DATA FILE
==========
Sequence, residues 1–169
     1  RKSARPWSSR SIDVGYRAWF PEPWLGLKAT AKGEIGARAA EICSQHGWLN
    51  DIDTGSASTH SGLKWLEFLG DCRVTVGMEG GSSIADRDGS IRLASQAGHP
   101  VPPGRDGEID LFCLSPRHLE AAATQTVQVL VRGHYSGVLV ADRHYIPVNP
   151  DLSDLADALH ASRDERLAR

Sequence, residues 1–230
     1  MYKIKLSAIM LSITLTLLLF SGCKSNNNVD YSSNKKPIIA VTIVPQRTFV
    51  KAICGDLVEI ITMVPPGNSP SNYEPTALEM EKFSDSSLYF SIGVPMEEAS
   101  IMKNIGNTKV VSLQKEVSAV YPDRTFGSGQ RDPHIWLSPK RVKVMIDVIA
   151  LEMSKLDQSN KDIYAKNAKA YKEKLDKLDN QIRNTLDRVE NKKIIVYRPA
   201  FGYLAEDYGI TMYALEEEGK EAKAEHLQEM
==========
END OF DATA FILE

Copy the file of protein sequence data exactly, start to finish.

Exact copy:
Sequence, residues 1–169
     1  RKSARPWSSR SIDVGYRAWF PEPWLGLKAT AKGEIGARAA EICSQHGWLN
    51  DIDTGSASTH SGLKWLEFLG DCRVTVGMEG GSSIADRDGS IRLASQAGHP
   101  VPPGRDGEID LFCLSPRHLE AAATQTVQVL VRGHYSGVLV ADRHYIPVNP
   151  DLSDLADALH ASRDERLAR

Sequence, residues 1–230
     1  MYKIKLSAIM LSITLTLLLF SGCKSNNNVD YSSNKKPIIA VTIVPQRTFV
    51  KAICGDLVEI ITMVPPGNSP SNYEPTALEM EKFSDSSLYF SIGVPMEEAS
   101  IMKNIGNTKV VSLQKEVSAV YPDRTFGSGQ RDPHIWLSPK RVKVMIDVIA
   151  LEMSKLDQSN KDIYAKNAKA YKEKLDKLDN QIRNTLDRVE NKKIIVYRPA
   201  FGYLAEDYGI TMYALEEEGK EAKAEHLQEM